Thursday, September 20, 2018

My Virtual Life

by Ivan Homeless (writer), SFV, December 12, 2007

How online support groups have helped me get through the toughest times in my life.

I am not a basement dwelling, 22-sided dice throwing, standing outside the comic book store at 9:59 am on Wednesday mornings, no ability to carry on a conversation with a live person nerd. I have no basement in my home, I haven’t played Dungeons and Dragons since I was 15 and the last comic book I read was the Sandman series. However, I do watch Battlestar Galactica, I miss Firefly and Buffy, and I think Empire was by far the best Star Wars movie. That being said, Geek is not a derogatory term for me, call me geek and I will agree with you.

I spend a fair amount of time online, not as much as I used to but a good chunk of my day is spent either in email, instant messaging, or on the most effective time wasting website ever posted, Myspace. My virtual life began in 1998 when I was going through my first divorce and was simultaneously diagnosed with a bipolar disorder. I found a support group online called FyrenIyce and I have been an active member now for almost 10 years. I have made more and better friends from this support group than I ever made IRL (in real life). The two friends I had in high school I still have beyond that people have tended to come and go with tidal regularity. My BP friends are mostly Australian and I can count on them to be awake and online when I am having a tough time in the middle of the night, the time difference works in our favor. One of my friends called me over the weekend when I was having a particularly bad night and stayed on the phone with me for about an hour until I fell asleep. That’s a friend!

Insert montage here fast forwarding to the present

I have found another online support group that has been equally helpful in this new stage of my life. Another divorce down and a few messy relationships later and in 2006 I found myself dating a wonderful man and getting pregnant. Getting pregnant was not my idea, nor was it his, apparently the baby had it planned all along because 4 doctors on different occasions have told me I either can’t or shouldn’t have children. So, I had given up on the idea of having a family, it was never a high priority of mine anyway. Yet, there I was, all knocked up and needed some friends to lean on. Enter the So Cal AP Families support group. This is a collection of mostly moms whose children range from almost born to starting college. These moms are dedicated to attachment parenting, breastfeeding, homeschooling, vaccination research and education, co-sleeping, baby wearing, cloth diapering or elimination communication, organic living, never letting a child just “cry it out” and home birthing. Some moms are entirely AP and some take the pieces they like and that work for them. When it comes to child rearing questions, there is someone on the list who has an experience to share. I prefer talking with people who have walked the mile rather than reading a book that was written years ago by someone who has never raised a child.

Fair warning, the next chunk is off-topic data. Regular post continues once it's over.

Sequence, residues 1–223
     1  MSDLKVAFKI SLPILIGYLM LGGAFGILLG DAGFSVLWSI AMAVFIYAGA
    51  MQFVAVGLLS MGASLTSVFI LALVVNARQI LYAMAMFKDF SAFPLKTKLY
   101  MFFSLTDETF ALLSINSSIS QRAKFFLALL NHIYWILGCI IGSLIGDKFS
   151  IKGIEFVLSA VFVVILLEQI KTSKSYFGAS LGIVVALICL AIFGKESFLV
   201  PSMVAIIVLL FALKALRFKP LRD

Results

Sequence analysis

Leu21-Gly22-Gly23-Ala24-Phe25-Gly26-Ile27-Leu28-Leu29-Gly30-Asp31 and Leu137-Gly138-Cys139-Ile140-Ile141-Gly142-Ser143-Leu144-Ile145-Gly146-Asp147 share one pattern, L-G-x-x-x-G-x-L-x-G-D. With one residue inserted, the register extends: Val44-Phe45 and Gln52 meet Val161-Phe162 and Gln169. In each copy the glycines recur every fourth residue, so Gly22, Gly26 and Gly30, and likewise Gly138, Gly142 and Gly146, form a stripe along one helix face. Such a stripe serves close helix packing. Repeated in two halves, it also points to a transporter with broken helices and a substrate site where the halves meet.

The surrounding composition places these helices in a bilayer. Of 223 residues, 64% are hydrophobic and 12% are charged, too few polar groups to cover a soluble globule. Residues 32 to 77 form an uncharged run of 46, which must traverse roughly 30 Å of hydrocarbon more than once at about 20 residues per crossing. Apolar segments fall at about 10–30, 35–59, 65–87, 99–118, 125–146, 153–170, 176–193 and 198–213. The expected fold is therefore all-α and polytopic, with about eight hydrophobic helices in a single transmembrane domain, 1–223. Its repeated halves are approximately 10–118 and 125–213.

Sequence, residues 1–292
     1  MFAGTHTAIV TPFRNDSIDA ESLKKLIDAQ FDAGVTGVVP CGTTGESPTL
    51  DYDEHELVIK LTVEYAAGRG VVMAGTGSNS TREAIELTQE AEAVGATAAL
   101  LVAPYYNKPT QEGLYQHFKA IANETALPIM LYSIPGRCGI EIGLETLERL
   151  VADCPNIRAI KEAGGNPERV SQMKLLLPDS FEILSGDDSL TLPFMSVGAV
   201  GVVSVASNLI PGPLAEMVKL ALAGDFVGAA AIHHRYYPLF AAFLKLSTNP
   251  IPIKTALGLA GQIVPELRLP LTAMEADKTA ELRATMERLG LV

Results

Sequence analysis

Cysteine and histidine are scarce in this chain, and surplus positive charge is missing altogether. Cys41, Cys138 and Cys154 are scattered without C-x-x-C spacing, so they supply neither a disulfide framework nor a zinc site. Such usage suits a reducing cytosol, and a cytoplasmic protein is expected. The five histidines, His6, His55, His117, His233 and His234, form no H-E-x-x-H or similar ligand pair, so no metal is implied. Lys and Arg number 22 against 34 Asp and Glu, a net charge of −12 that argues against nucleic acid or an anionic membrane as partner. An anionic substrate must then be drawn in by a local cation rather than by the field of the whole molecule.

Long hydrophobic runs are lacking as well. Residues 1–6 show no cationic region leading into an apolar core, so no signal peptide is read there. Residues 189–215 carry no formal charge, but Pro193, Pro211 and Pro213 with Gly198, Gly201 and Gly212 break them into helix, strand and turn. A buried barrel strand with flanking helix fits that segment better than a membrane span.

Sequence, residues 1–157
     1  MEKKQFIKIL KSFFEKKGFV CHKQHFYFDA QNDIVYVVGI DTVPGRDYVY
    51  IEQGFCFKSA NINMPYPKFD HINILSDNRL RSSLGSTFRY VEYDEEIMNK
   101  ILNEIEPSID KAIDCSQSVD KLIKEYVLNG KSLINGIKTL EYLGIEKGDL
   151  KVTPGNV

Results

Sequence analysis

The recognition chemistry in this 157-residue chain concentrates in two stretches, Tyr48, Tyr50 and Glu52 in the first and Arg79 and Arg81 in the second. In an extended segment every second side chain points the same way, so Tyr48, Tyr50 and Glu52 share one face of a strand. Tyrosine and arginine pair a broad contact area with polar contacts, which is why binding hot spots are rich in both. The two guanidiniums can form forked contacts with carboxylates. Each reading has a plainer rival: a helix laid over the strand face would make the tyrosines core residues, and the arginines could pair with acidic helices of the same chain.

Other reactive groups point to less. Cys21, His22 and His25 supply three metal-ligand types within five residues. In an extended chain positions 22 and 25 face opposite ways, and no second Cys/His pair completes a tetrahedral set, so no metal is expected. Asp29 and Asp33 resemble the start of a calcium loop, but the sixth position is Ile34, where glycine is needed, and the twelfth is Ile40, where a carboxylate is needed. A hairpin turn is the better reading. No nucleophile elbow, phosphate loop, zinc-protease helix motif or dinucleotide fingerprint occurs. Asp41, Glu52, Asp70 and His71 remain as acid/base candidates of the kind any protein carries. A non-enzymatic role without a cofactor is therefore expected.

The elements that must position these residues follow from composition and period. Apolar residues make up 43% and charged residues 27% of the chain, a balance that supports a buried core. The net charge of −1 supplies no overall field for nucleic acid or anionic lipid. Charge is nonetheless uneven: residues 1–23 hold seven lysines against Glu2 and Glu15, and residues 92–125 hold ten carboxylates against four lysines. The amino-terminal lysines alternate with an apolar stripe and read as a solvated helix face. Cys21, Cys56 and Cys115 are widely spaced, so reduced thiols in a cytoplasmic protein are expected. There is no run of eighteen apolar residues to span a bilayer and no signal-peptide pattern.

For the past 8 months these women have become friends, confidantes, and allies. They have built networks in a matter of hours to hold nurse-outs in support of nursing moms who have been asked to leave restaurants or other public places because they are feeding their baby. Did you know it is illegal in California to address a nursing mother in the course of feeding her child in public? A nursing mother has the right to feed her child anywhere at any time without being harassed. Don’t think it’s appropriate? Don’t look. It’s not our problem that you never told little Johnny how babies are born or fed. These women selflessly donate breast milk to mothers who are having trouble breastfeeding their own babies for any reason. They have advice on treating infections and illnesses due to breastfeeding that most medical doctors have never heard of yet are more effective than anything western medicine has come up with. They can talk you through a nursing strike, the oh so frightening event of your breastfed baby refusing to nurse, there are women willing to share their stories of extended strikes lasting over a month and how they got through. They are the village that is helping to raise the next generation. They are the support that many of us do not have from family or friends. The well meaning mother-in-law who tells you that you are spoiling your child by breastfeeding him or the good intentioned friend who tells you that it’s OK to stop breast feeding after the first few weeks when it gets tough because she quit then and her kids are fine.